In your books do your main characters have favourite films? If not, what is your favourite film?

None of the characters in Coffee Break Companion have a favourite film, but I expect in my novels in progress there may be an opportunity to include this for a character or two. My own favourite film is The Lost Boys, it’s been my favourite since I first watched it as a pre-teen and fell in love with Corey Haim.

What about a favourite book turned film? Or a book that has been made into a film that wasn’t so good?

My favourite book turned into a film would probably be the ‘The Hunger Games’, especially the first one, although they made some changes to the story it was still well done, and I really enjoyed it, Jennifer Lawrence made a good Katniss. I also love Ready, Player One, but I feel that they made a lot more changes to the film for that one, but both were still excellent in their own rights. The worst I have seen would have to be The Snowman based on the book by Jo Nesbo, they absolutely ruined the story from the opening scene, they made the characters dull and uninteresting and it was a total waste of two hours watching, hoping it might get better – the book though was brilliant!

Do you prefer to watch the film first or read the book?

If possible, I prefer to read the book first, but sometimes I have watched a movie not knowing it was based on a book then bought the book to read after. If I had seen The Snowman before reading the book I probably wouldn’t have read it.

Who is your favourite actor/actress and why?

Favourite actress, probably Reece Witherspoon, she’s just so sweet, funny, down-to-earth but also sassy, someone you would want as a best friend, and of course she loves to read! Favourite actor, I think it would be Kiefer Sutherland, he’s played so many great roles from David in the Lost Boys, to Jack Bauer in 24, he’s in many of my favourite films.

Which movie star would you like to see playing the main character in your book?

As there are many different lead characters having so many stories in Coffee Break Companion it would be hard to chose someone for each of them, but Jess from the longer story at the end ‘Hide and Seek’ I think would be well suited to Chloë Grace Moretz (Hit-Girl in KickAss amongst other films), she has quite the knack for playing a strong, heroic lead, and Jess is definitely a kick-ass character.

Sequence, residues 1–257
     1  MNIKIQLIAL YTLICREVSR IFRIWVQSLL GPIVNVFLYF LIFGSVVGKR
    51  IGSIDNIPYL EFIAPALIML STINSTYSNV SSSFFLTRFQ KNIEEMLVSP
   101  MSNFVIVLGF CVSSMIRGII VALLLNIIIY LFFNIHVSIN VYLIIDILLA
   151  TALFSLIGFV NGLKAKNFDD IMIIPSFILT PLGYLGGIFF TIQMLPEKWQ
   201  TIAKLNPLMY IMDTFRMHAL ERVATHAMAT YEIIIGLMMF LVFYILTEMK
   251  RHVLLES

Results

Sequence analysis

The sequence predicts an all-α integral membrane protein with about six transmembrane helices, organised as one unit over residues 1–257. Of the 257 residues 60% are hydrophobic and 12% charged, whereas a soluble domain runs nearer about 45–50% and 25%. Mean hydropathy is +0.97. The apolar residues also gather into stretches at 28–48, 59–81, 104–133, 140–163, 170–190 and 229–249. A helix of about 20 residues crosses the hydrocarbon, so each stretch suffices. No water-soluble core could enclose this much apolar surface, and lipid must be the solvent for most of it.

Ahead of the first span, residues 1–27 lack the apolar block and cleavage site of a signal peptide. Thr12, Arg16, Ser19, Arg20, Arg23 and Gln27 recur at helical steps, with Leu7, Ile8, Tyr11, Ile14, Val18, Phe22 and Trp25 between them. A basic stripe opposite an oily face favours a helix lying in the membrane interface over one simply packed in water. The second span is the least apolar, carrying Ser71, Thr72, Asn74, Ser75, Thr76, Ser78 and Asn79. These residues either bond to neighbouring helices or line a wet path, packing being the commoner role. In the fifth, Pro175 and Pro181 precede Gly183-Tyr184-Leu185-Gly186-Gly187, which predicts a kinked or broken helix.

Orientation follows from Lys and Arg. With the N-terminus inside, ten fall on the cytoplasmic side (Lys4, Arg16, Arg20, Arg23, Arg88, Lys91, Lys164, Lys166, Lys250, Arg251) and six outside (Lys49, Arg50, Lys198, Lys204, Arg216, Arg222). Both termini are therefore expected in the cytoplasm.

How do you write? Do you plan or take it as it comes? Have a favourite place or time for writing?

Mostly I’m a pantser, I just write as it comes to me, but I am planning and outlining with my current work in progress. I write anywhere and everywhere, often inspiration will strike whilst I am out and about, so I carry a notebook everywhere, so no favourite place or time, but I do most of my writing in the lounge, curled up on the sofa with my laptop – dreaming I was somewhere else! Haha.

What are you currently working on?

As always, I have a number of pieces on the go, I’m working on the first book in a trilogy of a romance centred around cruise ship holidays. I also want to get Coffee Break Companion 2 finished.

When did you decide to write your first novel? Tell me a bit about the inspiration, process and of course the book.

I had always wanted to write a book. I started writing as a child. By the time I got around to writing Coffee Break Companion I only had two of the stories I had written when I was young left, so I had to include them in the collection. For me writing a book was never about approaching publishers, I just wanted to be able to hold a copy and say, “I wrote this”. Of course, when you do it then you want others to read it as well. The process wasn’t like most books, as I had written most of the poems and short stories already. I just decided I was going to pull them together and publish them.

ABOUT THE AUTHOR:

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This is the first published book by S.L. Grigg having previously written a popular blog on mental health, and having articles published by Mind, the mental health charity, and NHS England. Working for NHS England from a home in Bromsgrove, England, S.L Grigg lives with a partner and two adult children. S.L Grigg has studied everything from Science and Law, to Journalism and Pilates but writing has always been the greatest passion in S.L.Grigg’s life.

Sharon Grigg, who writes under the pen name S.L Grigg, made it her new year’s resolution to publish her book ‘Coffee Break Companion’ during 2018. After bouncing back from mental health problems (BPD), following the death of her husband from a brain tumour in 2009, Sharon was struck down with kidney and other health problems, believed to be linked to having the Essure sterilisation device she had implanted back in 2008. In September 2017 she underwent major surgery to have a non-functioning hydronephrotic kidney removed at the same time as a full hysterectomy to remove the essure device.

Just two months after setting her goal Sharon launched the collection of dark, short stories and poetry on Amazon. Many of the stories were written during Sharon’s battle with mental health.
41-year-old mother of two, Sharon says “For me publishing was never about, money or fame. I just wanted to be able to hold a copy of my book and say, ‘I wrote this’ and now I can.”

SOCIAL MEDIA LINKS:

Facebook

Website

Make sure you stop by the other blogs taking part in the tour for more information on the Coffee Break Companion and S.L.Grigg

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Meet the Author

Catherine M. Byrne